In this square, you can make magic! Using crayons, draw some simple shapes in this square. You should use firm pressure, but don't push so hard you break the crayon! Experiment with different colors of crayon: white, blue, red, etc. Once you've finished your shapes, paint a nice wet, watercolor wash in the square-even over the crayon marks! The paint won't stick to the crayon marks! This is wonderful for stars and bubbles and all sorts of great pictures! Experiment with different colors of crayon as well as different colors and values of paint. What happens with a light color of paint? What about a dark color?

Fill the entire square with paint just like you did with the wet on wet square. While it is still wet, sprinkle the paint with table salt. Don't touch! You'll need to leave this overnight until it is completely dry. This makes little sparkles or stars in the paint. It's a great technique to use when painting water or sky. When it's dry, the salt just brushes off.

Fill the entire square with paint just like you did with the wet on wet square. While it is still wet, place a piece of plastic wrap on the square, crumpling it slightly and pressing it gently into the paint. Don't touch! You'll need to leave this overnight until it is completely dry. This makes little sections of color in the paint. The texture of this is interesting and could be used for rocks or in when painting water. Once dry, the plastic wrap peels off and you can throw it away or wash it and reuse it for another painting.

This one is fun! Get your paint brush very wet with paint and touch the tip of the brush very gently to the dry paper. There should be a rounded drop of paint on the paper. If not, use more water. Once you get a rounded drop on the paper, gently blow through a drinking straw to move the drop around. It's fun to try to control where the paint will go! In one book I have, the artists use this technique to make trees. They look like craggly apple trees! When you are blowing through the straw, take your time and don't blow too hard. Take a break so you don't get dizzy!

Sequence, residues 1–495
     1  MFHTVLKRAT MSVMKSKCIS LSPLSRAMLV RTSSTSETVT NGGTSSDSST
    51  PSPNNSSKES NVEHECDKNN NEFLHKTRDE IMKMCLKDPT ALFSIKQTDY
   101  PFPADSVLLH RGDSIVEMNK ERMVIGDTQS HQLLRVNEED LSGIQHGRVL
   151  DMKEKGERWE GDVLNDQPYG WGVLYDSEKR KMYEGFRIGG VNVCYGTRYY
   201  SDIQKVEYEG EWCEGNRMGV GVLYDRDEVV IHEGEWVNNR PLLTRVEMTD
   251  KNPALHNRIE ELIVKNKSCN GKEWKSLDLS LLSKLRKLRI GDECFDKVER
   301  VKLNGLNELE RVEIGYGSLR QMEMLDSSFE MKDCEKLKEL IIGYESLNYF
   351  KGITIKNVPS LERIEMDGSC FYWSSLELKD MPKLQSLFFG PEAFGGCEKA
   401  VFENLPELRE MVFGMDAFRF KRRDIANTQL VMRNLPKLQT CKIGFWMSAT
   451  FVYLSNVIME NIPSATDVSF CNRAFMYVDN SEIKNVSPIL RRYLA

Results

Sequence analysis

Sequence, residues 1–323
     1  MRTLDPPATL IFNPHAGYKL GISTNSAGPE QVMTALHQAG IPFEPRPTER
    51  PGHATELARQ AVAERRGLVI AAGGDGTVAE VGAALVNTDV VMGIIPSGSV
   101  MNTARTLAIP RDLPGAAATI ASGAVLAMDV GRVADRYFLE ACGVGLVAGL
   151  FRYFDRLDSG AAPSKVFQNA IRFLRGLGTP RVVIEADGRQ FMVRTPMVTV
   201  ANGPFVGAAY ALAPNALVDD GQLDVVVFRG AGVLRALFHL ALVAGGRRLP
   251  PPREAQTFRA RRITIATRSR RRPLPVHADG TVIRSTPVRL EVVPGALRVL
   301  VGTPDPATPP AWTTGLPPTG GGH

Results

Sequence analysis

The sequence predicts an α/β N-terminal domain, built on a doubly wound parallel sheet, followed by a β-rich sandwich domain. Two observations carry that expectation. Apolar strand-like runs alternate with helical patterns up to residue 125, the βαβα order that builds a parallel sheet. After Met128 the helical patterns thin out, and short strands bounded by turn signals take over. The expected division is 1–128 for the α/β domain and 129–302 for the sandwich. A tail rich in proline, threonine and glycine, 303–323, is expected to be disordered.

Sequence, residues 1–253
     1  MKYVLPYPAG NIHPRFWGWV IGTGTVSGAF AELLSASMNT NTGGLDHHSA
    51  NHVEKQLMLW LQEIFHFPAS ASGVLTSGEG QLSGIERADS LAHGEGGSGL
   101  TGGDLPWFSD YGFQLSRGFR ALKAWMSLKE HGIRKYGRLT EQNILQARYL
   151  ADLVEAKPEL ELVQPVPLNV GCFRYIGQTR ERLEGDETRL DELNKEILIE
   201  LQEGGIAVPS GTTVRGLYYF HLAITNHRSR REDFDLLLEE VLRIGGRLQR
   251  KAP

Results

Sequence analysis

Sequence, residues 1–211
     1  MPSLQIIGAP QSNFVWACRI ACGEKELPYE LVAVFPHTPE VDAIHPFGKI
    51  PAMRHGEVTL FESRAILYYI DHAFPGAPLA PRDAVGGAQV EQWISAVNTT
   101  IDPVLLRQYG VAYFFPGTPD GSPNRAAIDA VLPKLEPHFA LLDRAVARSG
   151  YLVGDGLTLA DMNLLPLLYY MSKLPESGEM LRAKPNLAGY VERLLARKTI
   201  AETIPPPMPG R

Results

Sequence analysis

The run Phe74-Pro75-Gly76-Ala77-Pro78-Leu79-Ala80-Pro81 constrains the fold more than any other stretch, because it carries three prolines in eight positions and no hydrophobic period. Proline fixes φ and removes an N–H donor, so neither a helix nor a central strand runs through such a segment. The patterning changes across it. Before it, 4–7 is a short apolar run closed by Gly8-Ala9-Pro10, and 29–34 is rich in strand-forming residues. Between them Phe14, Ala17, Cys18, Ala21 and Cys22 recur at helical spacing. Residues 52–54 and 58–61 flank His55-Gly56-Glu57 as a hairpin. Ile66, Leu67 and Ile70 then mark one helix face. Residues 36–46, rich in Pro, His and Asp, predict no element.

To illustrate these techniques, I first did this project at home then did the project along with the students. It seemed to help the children to understand what we were doing if I said, "next we'll be doing this square." Then I showed them how to do it.

While they were practicing a technique, we would talk about what we could use that technique for (such as, "this would make a good rock wall" or "that would look really nice if you were making a starry night sky").

I had the following book on hand: "The Usborne Book of Art Skills" is a wonderful resource for older students (maybe middle school age) and showcases a variety of techniques. I was able to point out many of the things we were practicing. It was helpful for the children to actually see these techniques in use.

This lesson took the entire hour with my class, so the children and I have decided to have a second watercolor class where we will use these techniques to create underwater creatures in their habitats (maybe like the Loch Ness Monster?). They are all very excited about it--I think I need to run out and get more watercolor paper!

Wednesday, March 9, 2011

Op Art: Magic Pictures

This project is a fun one for children! It can be used for a variety of themes and once the child understands how to do the project, s/he can create countless combinations! This idea is based on a project that I first did in middle school or high school. It explores optical illusions and has a nice "wow" factor for the children.
Magic Picture: A great lesson in Optical Illusion!

Class talk:

I began by defining the term "optical illusion." Optical meaning "eyes" or "sight" and illusions are "something that appears to exist, but does not." Magic tricks are a great example of optical illusions. I had a couple of magic books on hand to illustrate this point. I explained that one could read a book on magic and learn how to make something disappear. A child isn't learning "magic," but how to fool the viewer's eye. Optical illusions are like magic for your eyes.